Heading back to my room for my final farewell before the noon checkout time, I decided to kick back on the upper level wraparound porch. There, wicker-style furniture layered with hefty cushions rocked back and forth as fellow guests peered out at the scene. I joined them, and found myself sympathetically nodding my head (at least in mind) at the locals whizzing by en route to some busy task. I had joined the other side—and I didn’t know if there was any going back.

 


The West Cliff Inn is located at 174 West Cliff Drive in Santa Cruz.

To learn more about the West Cliff Inn and the Four Sisters Inn boutique hotel chain,
go to foursisters.com or call (800) 979-0910.

 

Comments (1)Add Comment
local coloring
written by Linda Lemaster, April 09, 2010
I like the writing a lot, turns the limitations of this genre into opportunity. I especially liked the "vortex" comment. I felt the handling of the physical "vortex" (ground) was handled dynamically.The article tickled my dream of Beach - Town schism resolving itself.

Write comment
smaller | bigger

busy
 

Share this on your social networks

Bookmark and Share

Share this

Bookmark and Share

 

Ocean Odyssey

Sailing the high seas from Santa Cruz to French Polynesia, Sally-Christine Rodgers documents the trials, tribulations and joys of exploring the world by boat

 

Gemini Festival of Goodwill, World Invocation Day

This entire week is a preparation by the New Group of World Servers (NGWS) for the June full moon (Tuesday) and to welcome the Forces of Reconstruction, great outer planetary forces streaming into the Earth at the Gemini Solar Festival. The Gemini Festival at the June full moon is called the Festival of Goodwill and World Invocation Day (recitation of the Great Invocation, the mantram of direction for humanity, hourly around the world). During the (12 degrees) Gemini festival, the Wesak blessing of the will-to-good is released and radiated (Gemini distributes) to humanity. When the will-to-good is received, humanity is then able to radiate goodwill to each other and to the kingdoms. The Gemini Festival is the third of the Three Spring Festivals (triangle of Force), setting the spiritual template and resources for Earth for the rest of the year (‘til next spring). This festival recognizes the true spirit of humanity—aspiring toward and seeking the will of God, dedicated to right human relation. At the full moon, the Divine nature of humanity is recognized. Christ stands with humanity, leader of his people, “the Eldest in a great family of brothers” (Romans VIII, 29.) Each year at the Gemini festival, Christ preaches the last sermon of Buddha, His brother, a sermon calling forth human and spiritual unity, represented by an outflow of love (work of the Christ) and wisdom (work of the Buddha). The forces of reconstruction stream in during the Festival, ushering in an era of pronounced creative activity, rebuilding the tangible world on new creative lines. This necessitates the total destruction of the old forms no longer useful for the new world era. Everyone is invited. Join us everyone for this Festival of Goodwill by reciting the Great Invocation.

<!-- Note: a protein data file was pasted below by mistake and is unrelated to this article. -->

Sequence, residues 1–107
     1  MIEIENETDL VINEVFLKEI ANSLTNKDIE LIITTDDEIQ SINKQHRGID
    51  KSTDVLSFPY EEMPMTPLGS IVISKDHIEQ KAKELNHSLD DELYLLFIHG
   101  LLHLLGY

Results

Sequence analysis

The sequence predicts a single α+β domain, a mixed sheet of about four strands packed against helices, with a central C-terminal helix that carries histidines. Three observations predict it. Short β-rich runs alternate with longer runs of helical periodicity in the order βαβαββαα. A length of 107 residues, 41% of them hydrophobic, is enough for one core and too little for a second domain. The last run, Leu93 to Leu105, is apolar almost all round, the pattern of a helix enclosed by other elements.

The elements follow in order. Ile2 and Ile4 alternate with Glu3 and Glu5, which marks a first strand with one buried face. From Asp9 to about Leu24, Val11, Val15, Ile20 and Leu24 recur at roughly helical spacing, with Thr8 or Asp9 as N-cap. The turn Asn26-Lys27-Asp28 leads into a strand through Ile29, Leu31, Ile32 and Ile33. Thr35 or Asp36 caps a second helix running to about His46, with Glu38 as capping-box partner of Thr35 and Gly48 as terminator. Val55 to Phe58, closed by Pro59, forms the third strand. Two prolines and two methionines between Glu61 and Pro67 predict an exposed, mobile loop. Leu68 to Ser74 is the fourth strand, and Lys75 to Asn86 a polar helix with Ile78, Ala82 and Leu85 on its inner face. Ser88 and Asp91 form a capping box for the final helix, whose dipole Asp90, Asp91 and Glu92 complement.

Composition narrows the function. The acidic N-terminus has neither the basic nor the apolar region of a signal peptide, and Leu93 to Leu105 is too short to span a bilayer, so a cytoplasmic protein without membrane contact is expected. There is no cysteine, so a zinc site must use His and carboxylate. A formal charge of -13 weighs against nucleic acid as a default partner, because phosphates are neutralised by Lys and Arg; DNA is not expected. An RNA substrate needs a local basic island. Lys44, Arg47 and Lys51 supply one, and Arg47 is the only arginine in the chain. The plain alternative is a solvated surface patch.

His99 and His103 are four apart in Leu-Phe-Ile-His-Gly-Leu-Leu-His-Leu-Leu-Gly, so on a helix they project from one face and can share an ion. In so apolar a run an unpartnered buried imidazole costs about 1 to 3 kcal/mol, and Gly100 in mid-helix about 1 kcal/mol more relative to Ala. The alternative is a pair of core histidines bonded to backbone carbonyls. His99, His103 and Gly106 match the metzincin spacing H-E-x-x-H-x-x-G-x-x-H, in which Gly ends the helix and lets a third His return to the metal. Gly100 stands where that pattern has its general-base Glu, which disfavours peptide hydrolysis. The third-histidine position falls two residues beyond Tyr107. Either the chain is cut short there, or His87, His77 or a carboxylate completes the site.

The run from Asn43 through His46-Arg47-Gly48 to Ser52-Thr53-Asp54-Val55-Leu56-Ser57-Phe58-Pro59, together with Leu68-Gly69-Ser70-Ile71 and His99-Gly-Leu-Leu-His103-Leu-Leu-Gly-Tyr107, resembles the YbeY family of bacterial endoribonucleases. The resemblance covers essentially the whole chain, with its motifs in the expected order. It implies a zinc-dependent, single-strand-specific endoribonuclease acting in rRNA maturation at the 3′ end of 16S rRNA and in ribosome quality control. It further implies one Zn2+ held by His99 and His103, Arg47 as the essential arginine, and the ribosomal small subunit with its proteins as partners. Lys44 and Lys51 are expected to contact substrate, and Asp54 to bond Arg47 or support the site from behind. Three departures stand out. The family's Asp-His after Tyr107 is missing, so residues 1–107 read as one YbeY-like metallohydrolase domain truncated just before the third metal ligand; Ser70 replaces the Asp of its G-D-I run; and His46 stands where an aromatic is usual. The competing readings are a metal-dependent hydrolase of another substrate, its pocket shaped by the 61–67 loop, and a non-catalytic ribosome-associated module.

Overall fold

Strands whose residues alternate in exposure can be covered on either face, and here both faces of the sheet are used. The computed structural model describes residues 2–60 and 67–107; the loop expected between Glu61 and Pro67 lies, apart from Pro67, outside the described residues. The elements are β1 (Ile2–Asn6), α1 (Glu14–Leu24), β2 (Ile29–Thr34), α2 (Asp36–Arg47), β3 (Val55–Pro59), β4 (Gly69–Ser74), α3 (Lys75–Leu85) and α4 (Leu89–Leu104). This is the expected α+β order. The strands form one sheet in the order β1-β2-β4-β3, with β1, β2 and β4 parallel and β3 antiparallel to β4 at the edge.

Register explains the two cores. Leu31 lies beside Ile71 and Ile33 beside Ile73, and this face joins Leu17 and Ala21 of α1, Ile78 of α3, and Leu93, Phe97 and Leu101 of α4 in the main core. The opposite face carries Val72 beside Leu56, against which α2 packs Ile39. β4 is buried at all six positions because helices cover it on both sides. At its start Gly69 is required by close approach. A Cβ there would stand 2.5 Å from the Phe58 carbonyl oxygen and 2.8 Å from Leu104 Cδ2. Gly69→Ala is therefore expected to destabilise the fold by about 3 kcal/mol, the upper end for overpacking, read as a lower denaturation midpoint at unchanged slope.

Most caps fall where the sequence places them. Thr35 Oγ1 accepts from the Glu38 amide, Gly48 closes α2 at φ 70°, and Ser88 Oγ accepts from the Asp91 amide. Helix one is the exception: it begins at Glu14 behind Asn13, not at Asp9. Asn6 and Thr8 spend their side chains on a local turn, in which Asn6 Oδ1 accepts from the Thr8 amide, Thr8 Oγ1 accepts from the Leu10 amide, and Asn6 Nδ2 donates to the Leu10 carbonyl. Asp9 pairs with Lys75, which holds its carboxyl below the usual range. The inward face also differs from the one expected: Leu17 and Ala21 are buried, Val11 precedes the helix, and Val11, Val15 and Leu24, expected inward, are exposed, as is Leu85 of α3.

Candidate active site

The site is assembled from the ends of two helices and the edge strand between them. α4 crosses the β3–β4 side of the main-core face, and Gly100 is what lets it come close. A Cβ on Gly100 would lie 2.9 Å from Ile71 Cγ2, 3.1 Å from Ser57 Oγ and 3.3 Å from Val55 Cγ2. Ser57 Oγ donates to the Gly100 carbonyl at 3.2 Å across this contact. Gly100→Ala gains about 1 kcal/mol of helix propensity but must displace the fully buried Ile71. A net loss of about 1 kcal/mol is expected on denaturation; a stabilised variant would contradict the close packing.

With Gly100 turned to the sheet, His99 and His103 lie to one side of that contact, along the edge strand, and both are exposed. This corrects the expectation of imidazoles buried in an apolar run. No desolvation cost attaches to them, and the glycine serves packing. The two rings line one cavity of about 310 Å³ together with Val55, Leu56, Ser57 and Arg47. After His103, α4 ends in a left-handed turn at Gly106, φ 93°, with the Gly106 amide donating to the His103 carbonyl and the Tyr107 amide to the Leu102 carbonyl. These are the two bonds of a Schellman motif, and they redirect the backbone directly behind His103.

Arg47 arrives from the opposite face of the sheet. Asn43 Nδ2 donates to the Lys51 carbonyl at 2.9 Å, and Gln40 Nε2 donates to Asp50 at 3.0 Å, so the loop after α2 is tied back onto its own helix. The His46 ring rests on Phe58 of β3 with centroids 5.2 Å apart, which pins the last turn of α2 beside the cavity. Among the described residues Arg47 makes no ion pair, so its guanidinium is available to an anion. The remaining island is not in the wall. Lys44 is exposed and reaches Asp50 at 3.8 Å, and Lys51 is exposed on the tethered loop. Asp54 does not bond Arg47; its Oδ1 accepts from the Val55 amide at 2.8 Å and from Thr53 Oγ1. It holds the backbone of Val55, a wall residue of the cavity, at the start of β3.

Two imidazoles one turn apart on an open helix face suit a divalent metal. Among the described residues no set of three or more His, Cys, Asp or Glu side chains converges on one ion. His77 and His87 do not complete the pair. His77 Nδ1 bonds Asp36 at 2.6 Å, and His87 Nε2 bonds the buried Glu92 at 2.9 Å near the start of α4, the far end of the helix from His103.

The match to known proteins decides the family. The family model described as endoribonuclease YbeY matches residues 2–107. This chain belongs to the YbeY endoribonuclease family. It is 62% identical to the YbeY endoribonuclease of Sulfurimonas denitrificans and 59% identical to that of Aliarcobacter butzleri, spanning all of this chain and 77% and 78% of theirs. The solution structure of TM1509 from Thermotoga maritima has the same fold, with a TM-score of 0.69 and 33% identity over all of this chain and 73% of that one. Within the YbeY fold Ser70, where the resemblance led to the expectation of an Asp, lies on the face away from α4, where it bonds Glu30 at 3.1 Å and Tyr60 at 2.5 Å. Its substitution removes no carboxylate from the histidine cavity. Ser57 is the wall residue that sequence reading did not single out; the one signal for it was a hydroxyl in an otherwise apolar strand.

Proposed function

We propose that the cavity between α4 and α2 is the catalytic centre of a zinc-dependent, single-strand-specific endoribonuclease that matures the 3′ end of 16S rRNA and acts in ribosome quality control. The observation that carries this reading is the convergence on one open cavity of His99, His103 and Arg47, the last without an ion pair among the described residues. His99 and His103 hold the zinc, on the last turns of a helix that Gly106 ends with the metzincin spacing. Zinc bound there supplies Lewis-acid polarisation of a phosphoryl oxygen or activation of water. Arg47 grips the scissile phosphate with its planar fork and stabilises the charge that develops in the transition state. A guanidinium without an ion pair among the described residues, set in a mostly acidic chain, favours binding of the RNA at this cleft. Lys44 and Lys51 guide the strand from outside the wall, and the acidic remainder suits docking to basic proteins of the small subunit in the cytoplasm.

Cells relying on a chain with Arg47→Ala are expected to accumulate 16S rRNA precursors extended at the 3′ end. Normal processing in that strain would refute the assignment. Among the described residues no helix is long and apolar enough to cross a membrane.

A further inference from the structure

The New Tech Nexus

Community leaders in science and technology unite to form web-based networking program

 

Film, Times & Events: Week of May 29

Santa Cruz area movie theaters >
Sign up for Good Times weekly newsletter
Get the latest news, events

RSS Feed Burner

 Subscribe in a reader

Latest Comments

 

The Main Avant

Jozseph Schultz caters New Music Works’ 35th annual Avant Garden Party, plus brews for a cause

 

What will Santa Cruz be like in the future?

 society that is more awakened and realizes its own value and the beauty of the stunning Earth. Marguerite Clifford, Felton, Nutrition Health Care

 

Chesebro Wines

Piedras Blancas-Roussanne 2011

 

Real Thai Kitchen

Ratana Bowden on why Thai cuisine isn’t as spicy as everyone thinks